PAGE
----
Something More Profound than Prejudice

As Wagner illustrates, anti-Semitism is more than a mere dislike of Jews—it’s a metaphysical condition that shapes the very way the world is perceived.

January 12, 2015 | Edward Rothstein
About the author: Edward Rothstein is Critic at Large at the Wall Street Journal. His essays in Mosaic include “The Problem with Jewish Museums” and “Jerusalem Syndrome at the Met.”
This is a response to Wagner and the Jews, originally published in Mosaic in January 2015

A 2010 production of Richard Wagner’s Parsifal in Stuttgart, Germany. MICHAEL LATZ/AFP/Getty Images.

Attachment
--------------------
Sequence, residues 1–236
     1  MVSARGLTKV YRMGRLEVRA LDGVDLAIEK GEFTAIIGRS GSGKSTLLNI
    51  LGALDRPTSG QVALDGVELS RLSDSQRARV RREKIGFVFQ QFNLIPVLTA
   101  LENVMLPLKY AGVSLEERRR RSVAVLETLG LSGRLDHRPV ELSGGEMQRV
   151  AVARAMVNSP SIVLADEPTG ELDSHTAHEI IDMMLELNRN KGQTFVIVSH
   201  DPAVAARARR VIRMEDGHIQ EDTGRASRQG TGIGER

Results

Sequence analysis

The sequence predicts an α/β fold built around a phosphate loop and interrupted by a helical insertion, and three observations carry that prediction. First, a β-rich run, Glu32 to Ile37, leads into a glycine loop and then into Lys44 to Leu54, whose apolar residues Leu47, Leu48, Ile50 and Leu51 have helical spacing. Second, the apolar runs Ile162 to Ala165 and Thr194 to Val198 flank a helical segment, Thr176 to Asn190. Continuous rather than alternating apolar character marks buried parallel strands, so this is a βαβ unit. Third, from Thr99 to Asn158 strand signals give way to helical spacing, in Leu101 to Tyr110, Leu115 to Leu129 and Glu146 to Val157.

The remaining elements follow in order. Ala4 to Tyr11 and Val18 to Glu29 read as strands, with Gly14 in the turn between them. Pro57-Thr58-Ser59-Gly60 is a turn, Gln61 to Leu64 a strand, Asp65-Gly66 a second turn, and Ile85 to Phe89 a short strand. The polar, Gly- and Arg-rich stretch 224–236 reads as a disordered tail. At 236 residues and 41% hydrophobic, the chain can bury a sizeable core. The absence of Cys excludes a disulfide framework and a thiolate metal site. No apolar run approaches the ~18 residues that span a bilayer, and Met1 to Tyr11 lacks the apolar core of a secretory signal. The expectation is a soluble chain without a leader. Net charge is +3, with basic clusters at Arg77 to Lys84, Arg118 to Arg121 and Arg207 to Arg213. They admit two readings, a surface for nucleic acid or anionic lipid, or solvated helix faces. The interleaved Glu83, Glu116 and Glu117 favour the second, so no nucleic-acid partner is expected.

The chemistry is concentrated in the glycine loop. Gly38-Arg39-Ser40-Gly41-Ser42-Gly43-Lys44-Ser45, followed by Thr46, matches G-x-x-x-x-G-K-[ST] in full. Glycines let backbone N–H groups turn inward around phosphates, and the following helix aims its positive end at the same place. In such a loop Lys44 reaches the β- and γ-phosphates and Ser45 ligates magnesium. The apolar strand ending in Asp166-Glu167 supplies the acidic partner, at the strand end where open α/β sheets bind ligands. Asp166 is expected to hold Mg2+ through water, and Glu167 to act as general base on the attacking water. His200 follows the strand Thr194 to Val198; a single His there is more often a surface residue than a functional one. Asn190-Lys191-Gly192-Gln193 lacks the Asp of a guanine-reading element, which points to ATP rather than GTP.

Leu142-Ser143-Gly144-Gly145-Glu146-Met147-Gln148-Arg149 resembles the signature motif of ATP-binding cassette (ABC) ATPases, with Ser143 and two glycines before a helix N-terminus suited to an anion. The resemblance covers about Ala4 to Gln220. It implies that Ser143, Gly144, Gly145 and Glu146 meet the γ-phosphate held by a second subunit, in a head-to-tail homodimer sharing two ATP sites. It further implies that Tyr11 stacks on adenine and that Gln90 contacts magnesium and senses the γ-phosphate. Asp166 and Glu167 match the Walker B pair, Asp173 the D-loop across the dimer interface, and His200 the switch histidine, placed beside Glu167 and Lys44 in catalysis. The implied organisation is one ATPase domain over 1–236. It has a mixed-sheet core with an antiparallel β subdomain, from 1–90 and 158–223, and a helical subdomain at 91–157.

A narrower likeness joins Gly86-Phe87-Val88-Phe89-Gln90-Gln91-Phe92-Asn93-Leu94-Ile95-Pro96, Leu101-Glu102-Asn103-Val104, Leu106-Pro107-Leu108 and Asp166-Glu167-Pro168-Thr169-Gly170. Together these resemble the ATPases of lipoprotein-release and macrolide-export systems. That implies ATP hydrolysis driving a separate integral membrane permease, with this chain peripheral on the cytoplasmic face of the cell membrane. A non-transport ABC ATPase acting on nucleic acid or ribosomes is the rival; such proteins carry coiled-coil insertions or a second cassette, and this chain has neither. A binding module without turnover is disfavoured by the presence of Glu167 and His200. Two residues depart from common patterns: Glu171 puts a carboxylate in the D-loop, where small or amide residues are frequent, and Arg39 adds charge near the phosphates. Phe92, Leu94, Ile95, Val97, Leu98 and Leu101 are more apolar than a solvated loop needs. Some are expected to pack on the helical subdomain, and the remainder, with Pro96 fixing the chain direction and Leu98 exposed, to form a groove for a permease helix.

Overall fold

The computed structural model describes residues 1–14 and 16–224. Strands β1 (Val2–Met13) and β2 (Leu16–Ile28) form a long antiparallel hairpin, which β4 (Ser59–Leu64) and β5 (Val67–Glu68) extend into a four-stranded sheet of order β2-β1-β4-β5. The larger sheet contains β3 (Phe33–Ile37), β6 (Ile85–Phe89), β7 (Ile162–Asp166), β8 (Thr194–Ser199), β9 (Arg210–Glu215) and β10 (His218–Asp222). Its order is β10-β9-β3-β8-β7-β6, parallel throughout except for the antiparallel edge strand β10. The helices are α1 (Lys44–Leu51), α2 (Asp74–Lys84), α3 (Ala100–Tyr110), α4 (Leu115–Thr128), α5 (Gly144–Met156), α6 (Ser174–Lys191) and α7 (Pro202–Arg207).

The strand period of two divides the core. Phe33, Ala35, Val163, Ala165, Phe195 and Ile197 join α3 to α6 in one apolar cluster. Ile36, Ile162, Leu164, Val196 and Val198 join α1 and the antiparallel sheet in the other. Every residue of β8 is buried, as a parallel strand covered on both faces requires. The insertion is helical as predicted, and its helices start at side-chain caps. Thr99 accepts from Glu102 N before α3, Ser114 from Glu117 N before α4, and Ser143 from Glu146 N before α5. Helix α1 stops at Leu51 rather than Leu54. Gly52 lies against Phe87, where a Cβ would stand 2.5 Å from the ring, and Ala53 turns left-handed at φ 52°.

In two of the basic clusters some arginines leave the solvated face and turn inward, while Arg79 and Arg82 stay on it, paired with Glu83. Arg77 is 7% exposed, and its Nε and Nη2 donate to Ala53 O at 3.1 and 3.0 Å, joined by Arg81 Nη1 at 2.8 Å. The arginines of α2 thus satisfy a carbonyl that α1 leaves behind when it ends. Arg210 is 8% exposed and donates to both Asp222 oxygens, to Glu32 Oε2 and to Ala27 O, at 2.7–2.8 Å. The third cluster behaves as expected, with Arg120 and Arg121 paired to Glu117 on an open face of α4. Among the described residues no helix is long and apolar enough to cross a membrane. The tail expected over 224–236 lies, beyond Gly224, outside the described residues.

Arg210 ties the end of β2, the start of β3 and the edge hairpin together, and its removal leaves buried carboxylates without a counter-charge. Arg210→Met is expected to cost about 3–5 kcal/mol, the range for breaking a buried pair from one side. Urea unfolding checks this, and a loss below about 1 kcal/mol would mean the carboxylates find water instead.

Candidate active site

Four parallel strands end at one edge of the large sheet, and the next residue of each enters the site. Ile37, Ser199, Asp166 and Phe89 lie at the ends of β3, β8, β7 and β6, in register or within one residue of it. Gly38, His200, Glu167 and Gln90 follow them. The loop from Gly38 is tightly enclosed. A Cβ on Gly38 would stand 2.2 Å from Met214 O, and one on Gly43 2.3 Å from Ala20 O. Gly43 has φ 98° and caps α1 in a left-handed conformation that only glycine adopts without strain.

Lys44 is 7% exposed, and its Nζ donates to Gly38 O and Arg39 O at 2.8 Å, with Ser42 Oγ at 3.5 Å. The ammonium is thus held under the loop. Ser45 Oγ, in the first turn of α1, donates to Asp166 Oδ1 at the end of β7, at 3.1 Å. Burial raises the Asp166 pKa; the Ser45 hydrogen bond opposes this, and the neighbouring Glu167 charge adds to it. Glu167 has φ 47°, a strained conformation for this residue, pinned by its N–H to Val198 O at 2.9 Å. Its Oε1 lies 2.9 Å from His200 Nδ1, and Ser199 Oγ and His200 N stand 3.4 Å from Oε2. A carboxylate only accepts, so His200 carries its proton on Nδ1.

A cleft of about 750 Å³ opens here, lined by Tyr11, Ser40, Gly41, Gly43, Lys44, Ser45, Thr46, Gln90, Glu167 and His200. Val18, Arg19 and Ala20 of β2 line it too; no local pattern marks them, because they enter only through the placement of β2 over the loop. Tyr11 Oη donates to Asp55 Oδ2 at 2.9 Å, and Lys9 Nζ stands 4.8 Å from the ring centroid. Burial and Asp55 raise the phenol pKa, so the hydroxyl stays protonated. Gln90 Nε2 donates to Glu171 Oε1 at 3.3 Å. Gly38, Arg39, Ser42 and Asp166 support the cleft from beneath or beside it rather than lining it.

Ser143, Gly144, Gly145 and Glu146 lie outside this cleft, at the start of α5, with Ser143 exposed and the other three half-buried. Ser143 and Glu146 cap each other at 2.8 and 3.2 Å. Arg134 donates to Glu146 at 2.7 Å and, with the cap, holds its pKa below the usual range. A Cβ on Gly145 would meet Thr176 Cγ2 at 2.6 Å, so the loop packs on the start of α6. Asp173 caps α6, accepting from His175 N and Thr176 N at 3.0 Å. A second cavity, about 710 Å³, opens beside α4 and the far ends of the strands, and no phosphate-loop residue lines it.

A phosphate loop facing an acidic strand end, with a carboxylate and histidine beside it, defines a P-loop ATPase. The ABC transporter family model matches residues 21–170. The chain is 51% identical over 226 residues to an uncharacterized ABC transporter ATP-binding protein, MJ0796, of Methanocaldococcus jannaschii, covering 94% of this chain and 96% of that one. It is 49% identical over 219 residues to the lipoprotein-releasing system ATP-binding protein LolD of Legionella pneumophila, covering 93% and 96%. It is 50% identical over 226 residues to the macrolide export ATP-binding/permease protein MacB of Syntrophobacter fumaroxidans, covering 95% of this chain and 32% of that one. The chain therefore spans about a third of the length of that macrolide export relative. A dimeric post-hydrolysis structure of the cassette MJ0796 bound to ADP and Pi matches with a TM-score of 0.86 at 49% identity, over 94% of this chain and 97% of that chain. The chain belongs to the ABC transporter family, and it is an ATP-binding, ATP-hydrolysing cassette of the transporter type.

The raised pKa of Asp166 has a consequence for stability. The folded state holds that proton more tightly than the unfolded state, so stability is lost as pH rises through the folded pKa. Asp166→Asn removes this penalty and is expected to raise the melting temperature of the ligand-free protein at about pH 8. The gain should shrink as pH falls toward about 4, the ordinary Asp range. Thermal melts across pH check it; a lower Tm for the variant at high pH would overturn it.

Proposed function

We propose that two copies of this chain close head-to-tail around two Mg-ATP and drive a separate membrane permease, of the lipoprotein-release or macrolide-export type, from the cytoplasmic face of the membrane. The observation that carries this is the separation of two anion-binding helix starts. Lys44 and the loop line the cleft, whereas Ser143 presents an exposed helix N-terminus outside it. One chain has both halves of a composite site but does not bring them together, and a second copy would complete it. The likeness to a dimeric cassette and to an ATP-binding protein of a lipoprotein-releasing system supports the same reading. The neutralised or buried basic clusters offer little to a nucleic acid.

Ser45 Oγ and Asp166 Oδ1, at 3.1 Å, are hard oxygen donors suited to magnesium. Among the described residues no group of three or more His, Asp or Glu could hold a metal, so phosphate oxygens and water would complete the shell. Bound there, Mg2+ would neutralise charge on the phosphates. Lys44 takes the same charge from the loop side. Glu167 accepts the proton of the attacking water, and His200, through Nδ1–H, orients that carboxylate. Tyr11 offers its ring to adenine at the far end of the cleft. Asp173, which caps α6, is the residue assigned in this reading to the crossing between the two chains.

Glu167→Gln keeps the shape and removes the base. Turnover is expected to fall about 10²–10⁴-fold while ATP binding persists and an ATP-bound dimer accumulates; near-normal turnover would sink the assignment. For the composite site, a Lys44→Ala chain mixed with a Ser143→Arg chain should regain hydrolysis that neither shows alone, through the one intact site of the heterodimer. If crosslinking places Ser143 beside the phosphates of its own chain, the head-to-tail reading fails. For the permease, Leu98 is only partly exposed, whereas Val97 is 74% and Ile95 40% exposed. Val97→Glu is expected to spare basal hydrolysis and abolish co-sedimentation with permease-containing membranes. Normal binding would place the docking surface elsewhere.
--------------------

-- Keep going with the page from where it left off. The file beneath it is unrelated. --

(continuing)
Reading Nathan Shields’ powerful essay, “Wagner and the Jews,” reawakened memories from two decades ago when I attended the Bayreuth festival as a music critic. My most potent recollections are not of the performances I heard of Wagner’s music; nor do I recall any great revelations about the mind of the master who designed and built this self-aggrandizing temple. But I was left with three sensory impressions, and they have proved indelible.

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